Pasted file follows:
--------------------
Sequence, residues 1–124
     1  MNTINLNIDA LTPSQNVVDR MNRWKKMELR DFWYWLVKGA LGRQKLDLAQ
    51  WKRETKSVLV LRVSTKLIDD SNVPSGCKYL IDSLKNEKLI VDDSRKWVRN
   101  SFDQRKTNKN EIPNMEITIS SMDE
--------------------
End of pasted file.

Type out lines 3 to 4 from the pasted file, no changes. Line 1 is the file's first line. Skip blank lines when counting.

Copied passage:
    51  WKRETKSVLV LRVSTKLIDD SNVPSGCKYL IDSLKNEKLI VDDSRKWVRN
   101  SFDQRKTNKN EIPNMEITIS SMDE